Evaristo Sa/AFP/Getty Images
A Brazilian cigarette pack shows a pregnant smoker with the caption "The Ministry of Health warns: smoking during pregnancy is detrimental to child's health," while a woman lights a cigarette in the background.
A Brazilian cigarette pack shows a pregnant smoker with the caption "The Ministry of Health warns: smoking during pregnancy is detrimental to child's health," while a woman lights a cigarette in the background. Evaristo Sa/AFP/Getty Images
Do smokers around the world really notice health warnings on cigarette packs?
Yes, especially if the warnings are graphic and rotated regularly to keep the messages fresh.
A survey of smokers conducted in 14 countries — ranging from Bangladesh to Uruguay — between 2008 and 2010 found that the warnings registered with most smokers. And among those smokers who noticed them, more than 25 percent said the messages led them to think about quitting.
The results appear in the latest issue of Morbidity and Mortality Weekly Report.
Now thinking about quitting is one thing, and doing it is another. But getting the idea in front of more people is something most governments around the world have committed to doing.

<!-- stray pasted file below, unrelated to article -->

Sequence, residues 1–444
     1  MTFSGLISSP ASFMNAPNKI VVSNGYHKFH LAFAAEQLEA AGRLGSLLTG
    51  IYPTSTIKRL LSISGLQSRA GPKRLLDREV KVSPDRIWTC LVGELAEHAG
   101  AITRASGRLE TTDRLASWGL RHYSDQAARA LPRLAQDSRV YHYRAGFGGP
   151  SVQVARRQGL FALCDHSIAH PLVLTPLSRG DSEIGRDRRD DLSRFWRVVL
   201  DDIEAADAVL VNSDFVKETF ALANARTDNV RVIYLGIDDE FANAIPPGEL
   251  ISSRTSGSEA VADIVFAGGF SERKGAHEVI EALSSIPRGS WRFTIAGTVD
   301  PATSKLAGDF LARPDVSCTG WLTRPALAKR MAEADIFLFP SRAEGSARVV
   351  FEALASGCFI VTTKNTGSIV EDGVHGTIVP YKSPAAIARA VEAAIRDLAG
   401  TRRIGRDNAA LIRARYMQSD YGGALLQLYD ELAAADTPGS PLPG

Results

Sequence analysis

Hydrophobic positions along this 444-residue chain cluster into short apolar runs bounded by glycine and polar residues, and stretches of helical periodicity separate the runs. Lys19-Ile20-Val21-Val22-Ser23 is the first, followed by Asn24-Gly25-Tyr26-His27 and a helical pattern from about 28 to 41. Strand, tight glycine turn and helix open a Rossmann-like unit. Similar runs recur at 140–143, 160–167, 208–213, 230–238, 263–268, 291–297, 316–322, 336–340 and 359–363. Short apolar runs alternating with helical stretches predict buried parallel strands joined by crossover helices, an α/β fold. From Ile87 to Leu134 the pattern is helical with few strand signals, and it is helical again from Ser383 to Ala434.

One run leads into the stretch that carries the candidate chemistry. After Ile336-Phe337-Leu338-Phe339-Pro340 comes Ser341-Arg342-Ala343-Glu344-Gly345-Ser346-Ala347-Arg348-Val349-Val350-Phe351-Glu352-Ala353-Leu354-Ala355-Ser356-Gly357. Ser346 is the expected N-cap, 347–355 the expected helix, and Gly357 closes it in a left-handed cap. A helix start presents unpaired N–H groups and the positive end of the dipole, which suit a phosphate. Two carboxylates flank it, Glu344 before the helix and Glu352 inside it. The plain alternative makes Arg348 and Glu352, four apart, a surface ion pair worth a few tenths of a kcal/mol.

The World Health Organization Framework Convention on Tobacco Control, a treaty that aims to reduce health problems caused by tobacco, now has more than 170 nations on board. The treaty requires health warnings on tobacco packaging.
The authors of the report in the MMWR noted that "warnings were more effective at getting smokers to think about quitting in some countries than in others." Take, for instance, Brazil and Thailand, which use multiple, hard-to-miss graphic warnings. Those countries had the greatest proportion of smokers "thinking about quitting because of the warnings," the researchers wrote.
The U.S. Food and Drug Administration has worked up some graphic cigarette labels of its own, and cigarette makers will have to start using them by Sept. 2012. Earlier this year, NPR and Thomson Reuters surveyed more than 3,000 U.S. adults to gauge their feelings about the proposed labels. Fifty-four percent of people surveyed said they favor the graphic labels to deter smoking.